With an estimated holding of around 20,000 tonnes, Indian households and religious institutions are among the largest gold hoarders on earth sans earning any profit, as the precious yellow metal is not in the system but unaccounted, accumulated passive asset. World gold council(WGC) estimated gold worth 63 lakh crore stashed away in Indian households if bought into circulation would reduce the dependence of country on imports, which have played havoc with Indian finances and shall contribute a significant rise to GDP as the hidden gold is equivalent to half the country's current GDP.
In the quest, Govt of India unveiled Gold monetisation scheme to untap and bring the stagnant yellow metal into system for lucrative selling and lending. Announced in 2015-2016 budget speech, the gold monetisation draft guidelines does not say to enquire of the proof of purchase, sources of acquisition or past wealth tax payment. Such comfort is expected to encourage high net worth individuals (HNI's) to make this a success. Since India is a massive importer of yellow metal which leads to downfall of the Indian rupee, GMS leads a pave way to monetize country's gold to spur spending, investing and limiting the need to import more. Two significant schemes were proposed in this respect ,first is the Gold Deposit Scheme , which would enable depositors such as households , jewellers to open metal account with the banks and place their gold holdings with them. Under this scheme depositors will earn interest on their metal accounts and jewellers can take loan against their metal accounts. The other initiative is a new Sovereign Gold Bond, due to this scheme investors would be enable to trade in gold without having it to buy physically. This is an alternative to the physical gold. For its rapid acceptance draft provides a zone of relaxation to individuals and institutions by allowing them to deposit a minimum of 30gms of gold initially. Any institution holding surplus gold can get it valued from any BIS-approved hallmarking centers, open a gold savings account with banks for a minimum period of one year and earn interest in either cash or gold deposits .The interest would be paid to the customers after the metal account have achieved a life of 30 or 60 days. The proposed tenure period of the scheme is min of one year and the bait offered is interest plus promise that one can take their deposits back in the form of gold. Banks are permitted to hold the mobilized gold as part of their CRR (cash reserve ratio) and SLR (statutory liquidity ratio) requirements with RBI to hedge against any malfunction situation. Gold deposited by the customers to the banks would be sold to generate foreign currency and the mobilized gold will be converted into coins for onward lending and selling purposes.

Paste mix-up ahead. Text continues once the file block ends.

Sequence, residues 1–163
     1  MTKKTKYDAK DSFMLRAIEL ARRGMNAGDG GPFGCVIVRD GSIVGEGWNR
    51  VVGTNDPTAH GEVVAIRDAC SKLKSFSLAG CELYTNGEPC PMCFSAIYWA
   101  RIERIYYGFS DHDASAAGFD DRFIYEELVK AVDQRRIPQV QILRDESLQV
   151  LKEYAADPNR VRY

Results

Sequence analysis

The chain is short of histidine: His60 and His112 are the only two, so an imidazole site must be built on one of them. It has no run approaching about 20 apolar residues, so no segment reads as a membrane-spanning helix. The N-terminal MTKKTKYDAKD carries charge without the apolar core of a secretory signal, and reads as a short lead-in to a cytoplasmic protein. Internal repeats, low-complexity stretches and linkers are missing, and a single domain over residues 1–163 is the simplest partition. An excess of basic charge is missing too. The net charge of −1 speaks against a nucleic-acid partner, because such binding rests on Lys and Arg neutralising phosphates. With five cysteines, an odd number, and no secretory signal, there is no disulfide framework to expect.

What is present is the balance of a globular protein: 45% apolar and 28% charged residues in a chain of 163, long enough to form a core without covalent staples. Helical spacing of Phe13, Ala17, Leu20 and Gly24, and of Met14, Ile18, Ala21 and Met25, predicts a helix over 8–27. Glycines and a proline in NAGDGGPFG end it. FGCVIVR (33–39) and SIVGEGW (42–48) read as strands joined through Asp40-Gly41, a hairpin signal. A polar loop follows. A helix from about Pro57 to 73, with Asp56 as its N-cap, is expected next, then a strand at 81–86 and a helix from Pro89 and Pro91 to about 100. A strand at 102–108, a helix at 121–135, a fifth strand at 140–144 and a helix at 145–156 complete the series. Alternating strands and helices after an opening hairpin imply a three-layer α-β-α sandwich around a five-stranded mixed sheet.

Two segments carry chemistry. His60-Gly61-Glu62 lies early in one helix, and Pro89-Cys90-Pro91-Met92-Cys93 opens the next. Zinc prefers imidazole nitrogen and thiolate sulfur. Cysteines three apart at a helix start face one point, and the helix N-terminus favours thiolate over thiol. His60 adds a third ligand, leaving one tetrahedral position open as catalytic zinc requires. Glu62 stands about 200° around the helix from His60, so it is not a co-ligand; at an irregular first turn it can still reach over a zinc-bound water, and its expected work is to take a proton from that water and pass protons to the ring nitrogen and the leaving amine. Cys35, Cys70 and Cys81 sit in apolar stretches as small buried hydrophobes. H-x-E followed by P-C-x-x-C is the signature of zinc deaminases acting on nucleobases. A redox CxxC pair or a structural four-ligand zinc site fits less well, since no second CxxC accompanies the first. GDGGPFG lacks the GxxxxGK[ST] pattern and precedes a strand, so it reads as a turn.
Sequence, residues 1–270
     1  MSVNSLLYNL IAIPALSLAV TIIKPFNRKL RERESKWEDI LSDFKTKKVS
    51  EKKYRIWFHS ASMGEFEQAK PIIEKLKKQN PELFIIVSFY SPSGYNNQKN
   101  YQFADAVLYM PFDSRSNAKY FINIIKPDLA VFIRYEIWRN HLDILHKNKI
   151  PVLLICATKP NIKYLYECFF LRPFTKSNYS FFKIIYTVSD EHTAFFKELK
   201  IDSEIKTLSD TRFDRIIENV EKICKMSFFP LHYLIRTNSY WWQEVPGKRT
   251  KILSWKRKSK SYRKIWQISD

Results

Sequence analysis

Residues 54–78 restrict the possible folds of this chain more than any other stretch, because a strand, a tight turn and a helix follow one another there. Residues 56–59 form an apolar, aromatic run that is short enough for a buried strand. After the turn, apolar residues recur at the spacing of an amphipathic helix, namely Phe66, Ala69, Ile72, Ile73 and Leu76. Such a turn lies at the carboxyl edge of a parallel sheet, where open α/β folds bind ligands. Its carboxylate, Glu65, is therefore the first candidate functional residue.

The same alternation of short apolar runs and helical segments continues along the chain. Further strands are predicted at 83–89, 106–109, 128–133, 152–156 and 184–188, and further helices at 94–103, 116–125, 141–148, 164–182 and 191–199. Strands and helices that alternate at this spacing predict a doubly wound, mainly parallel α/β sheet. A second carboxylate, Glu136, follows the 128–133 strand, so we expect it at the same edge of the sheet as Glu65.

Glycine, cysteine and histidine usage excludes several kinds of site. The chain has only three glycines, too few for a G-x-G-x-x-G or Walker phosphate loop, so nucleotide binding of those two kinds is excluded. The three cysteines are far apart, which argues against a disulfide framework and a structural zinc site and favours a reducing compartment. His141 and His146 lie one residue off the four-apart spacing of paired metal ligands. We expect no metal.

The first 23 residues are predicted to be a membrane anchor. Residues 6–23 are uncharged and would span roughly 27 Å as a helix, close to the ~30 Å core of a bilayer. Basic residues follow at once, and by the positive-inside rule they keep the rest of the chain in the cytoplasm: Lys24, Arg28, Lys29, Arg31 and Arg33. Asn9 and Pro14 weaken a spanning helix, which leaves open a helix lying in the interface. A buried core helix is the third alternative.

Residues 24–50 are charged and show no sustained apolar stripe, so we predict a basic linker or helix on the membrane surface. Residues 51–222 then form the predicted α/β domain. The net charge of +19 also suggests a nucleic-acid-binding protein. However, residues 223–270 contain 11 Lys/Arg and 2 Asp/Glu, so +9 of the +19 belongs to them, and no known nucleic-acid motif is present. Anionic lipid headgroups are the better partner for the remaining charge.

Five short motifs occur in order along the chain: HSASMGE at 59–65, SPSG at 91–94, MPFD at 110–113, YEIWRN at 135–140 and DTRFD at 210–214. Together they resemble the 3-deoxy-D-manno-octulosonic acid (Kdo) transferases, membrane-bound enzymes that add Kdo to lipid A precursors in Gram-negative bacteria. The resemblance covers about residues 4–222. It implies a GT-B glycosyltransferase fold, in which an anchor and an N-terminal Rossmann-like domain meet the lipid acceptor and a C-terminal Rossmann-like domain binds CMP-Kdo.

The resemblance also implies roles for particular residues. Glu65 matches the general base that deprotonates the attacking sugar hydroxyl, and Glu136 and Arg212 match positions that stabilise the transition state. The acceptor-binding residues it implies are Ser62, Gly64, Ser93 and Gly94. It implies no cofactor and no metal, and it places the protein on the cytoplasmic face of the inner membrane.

For certain reasons Gold Monetization Scheme may be attractive, perhaps, may not prove a clincher. The contributing factors that would thwart its acceptance is the affinity of Indians for gold, they buy it for consumption and as a hedge against inflation. Also family heirlooms can hardly be enticed by such schemes. Another, yet, strong hindrance the recently passed Tiger bill �Black money ' as govt is cracking down hard on the black money may prove fatal to GMS's success. The government has got tough black money law approved by parliament for covering wealth stashed overseas by Indians. But relief is draft doesn�t mention any incremental scrutiny of purchases and acquisition this might turn the tables. The terms and conditions of the scheme seem attractive enough to entice a substantial unaccounted income in the form of yellow metal. If successful, GMS definitely going to impact domestic and international gold markets as soon as hidden gold will come out a proportional fall in the Indian imports will be seen, downgrading the international gold prices. For Indian economy to shine, GMS must glitter.